In the battle to win back market share from online retailers, Britain’s army of shopkeepers are using their storefronts as the first line of “attack”. To attract shoppers back to bricks and mortar retailing, both chains and small independents are becoming more creative in the way they get consumers through their doors.
Here are a few ideas for how you can grab attention.
Spring clean your frontage
Never underestimate the importance of first impressions. Shoppers avoid outlets that have grimy or run-down frontages.
Keeping on top of general repairs and cleaning around your shopfront is time well spent. Think shiny windows and a well swept pavement.
Some local authorities offer grants to shops to help them improve their storefront. There could also be local organisations to support you – such as “In Bloom” teams who help create hanging baskets or tubs to go in front of your shop.
Sign of the times
Is it time to take a fresh look at your signage? Make sure your shop name and logo stand out clearly from a distance, to attract passing foot and vehicle traffic. Is it clear what you sell by a quick glance at your shop? If not, think about signs or displays that give compelling reasons to park up and visit, or pop in as they walk by.
Think about quirky shopfront or window display signs you could use. Such as hanging clever wording from a redundant bicycle frame or wheelbarrow, or along a recycled bookshelf used as an inexpensive display unit.
The small touches
Storefront improvements could be as simple as varying window displays more often and in an imaginative way. It’s possible to seize not just seasonal opportunities, but also local and national milestones for eye-catching and creative window layouts.
This could include, for example, a mass of rainbows to support your local Pride event, or paraphernalia to support your local football team. Alternatively, have a product of the month you put under the spotlight in or near your shopfront, with props to draw attention to it.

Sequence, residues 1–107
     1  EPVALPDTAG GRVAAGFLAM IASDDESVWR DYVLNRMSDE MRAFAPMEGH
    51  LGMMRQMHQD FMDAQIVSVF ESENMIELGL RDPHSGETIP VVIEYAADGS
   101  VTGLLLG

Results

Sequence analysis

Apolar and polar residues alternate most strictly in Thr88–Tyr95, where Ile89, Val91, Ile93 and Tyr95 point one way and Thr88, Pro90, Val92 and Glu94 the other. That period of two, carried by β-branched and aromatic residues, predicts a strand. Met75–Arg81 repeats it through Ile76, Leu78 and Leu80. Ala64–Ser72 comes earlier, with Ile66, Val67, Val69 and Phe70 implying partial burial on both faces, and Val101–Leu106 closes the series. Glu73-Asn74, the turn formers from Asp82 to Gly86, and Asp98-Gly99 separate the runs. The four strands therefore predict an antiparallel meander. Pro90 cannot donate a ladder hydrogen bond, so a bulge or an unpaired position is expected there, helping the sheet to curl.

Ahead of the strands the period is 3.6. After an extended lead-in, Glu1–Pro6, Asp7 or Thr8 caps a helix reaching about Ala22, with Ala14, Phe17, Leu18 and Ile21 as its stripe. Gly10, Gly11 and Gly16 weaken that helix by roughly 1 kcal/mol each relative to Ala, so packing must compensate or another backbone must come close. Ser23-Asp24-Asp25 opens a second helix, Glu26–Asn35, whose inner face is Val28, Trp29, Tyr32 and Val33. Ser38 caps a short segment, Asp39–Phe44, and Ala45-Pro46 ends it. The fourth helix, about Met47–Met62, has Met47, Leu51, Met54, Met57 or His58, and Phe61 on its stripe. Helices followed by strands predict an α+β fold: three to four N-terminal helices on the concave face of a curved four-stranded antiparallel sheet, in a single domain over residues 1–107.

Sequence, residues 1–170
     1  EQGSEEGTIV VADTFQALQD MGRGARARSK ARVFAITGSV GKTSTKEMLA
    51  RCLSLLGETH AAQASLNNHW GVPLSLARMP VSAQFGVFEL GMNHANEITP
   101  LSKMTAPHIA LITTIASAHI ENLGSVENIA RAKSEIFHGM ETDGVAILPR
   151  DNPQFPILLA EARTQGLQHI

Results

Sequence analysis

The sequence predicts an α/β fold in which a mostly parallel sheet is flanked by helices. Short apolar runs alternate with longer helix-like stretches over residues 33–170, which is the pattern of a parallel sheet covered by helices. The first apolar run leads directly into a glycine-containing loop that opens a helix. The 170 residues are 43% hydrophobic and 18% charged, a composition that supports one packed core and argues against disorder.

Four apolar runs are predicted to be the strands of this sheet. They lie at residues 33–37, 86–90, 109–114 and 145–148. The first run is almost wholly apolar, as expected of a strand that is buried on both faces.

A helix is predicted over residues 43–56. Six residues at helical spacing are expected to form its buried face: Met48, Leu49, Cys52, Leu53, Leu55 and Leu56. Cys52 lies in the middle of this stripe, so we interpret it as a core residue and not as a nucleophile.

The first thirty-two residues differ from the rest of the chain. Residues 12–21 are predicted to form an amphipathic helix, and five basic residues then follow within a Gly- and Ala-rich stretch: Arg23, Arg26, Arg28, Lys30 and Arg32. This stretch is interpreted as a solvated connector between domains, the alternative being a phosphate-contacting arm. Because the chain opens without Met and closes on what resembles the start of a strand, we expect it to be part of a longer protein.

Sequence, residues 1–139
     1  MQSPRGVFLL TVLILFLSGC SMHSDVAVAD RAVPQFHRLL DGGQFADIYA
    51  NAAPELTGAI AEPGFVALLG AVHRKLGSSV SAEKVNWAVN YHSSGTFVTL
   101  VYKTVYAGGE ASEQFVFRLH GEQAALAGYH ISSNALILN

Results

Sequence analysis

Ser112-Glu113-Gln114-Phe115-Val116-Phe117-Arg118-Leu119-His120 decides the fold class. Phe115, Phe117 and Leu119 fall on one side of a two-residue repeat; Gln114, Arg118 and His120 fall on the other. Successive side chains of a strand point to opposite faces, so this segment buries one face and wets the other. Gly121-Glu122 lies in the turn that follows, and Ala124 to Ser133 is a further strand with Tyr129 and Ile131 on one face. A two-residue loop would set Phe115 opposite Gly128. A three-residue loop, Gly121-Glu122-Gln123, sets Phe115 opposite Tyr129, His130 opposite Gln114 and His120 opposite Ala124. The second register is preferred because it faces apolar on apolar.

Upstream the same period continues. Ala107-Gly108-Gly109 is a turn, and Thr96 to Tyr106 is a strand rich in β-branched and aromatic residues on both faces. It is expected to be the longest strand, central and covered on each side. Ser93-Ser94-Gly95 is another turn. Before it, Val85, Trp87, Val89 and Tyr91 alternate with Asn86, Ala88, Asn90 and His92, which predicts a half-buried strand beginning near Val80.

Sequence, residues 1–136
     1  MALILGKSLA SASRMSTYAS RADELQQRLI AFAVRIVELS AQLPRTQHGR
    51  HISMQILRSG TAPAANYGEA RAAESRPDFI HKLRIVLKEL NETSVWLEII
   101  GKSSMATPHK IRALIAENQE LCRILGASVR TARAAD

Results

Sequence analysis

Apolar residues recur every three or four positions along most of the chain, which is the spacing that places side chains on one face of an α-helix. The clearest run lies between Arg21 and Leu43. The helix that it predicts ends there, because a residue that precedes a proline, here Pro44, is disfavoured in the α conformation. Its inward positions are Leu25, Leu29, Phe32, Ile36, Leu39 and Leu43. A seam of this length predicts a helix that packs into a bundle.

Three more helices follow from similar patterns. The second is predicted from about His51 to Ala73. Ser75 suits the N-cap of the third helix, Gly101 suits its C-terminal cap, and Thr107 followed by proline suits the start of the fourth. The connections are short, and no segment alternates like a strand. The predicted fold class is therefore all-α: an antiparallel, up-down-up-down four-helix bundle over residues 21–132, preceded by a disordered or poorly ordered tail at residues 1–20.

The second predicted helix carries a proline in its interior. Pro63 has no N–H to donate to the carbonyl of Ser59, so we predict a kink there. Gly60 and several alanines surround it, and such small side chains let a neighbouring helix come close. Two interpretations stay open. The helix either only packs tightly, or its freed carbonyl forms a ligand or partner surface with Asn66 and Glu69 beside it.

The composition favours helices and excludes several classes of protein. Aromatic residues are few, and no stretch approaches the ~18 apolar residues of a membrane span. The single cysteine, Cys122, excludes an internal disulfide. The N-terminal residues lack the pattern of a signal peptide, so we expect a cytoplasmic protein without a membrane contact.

Even something as simple as changing your colour scheme regularly helps. If passers-by become over familiar with your shop front they stop noticing it.
If weather allows, have your shop door open. It looks more welcoming. Can you safely and lawfully put a clothes rail in front of your window, or a table and chairs?
And use your entire window space, such as hanging things tastefully from a clothesline or suspended carefully from the top of the window.
Be a good neighbour
Corner shop owners and anyone who runs a town centre independent could also cash in on ties to their local community. This could include a small and tasteful space in your shop window for local notices. Or put a dog water bowl and a container of dog treats near your door.
High tech shop fronts
Of course, if your working capital stretches to investing in the latest technology, then window displays incorporating Artificial Intelligence are becoming more common.
This includes screens embedded into your windows that provide passers-by with interactive product directories.
It won’t be long until Virtual Reality and Augmented Reality equipment and software become more accessible and affordable too. Meaning storefronts could soon feature all sorts of incredible gadgets and gizmos. Keep your business insurance updated to cover any new tech you use, especially in vulnerable areas at the front of your shop.
Be pedestrian aware
Some of the more creative solutions to attracting shoppers could involve setting up additional pavement furniture and accessories, such as special offer “A” boards.
Stay within local planning regulations, including any regarding temporary structures on pavements. Also check your public liability insurance is up to date, in case the worst happens and someone gets injured.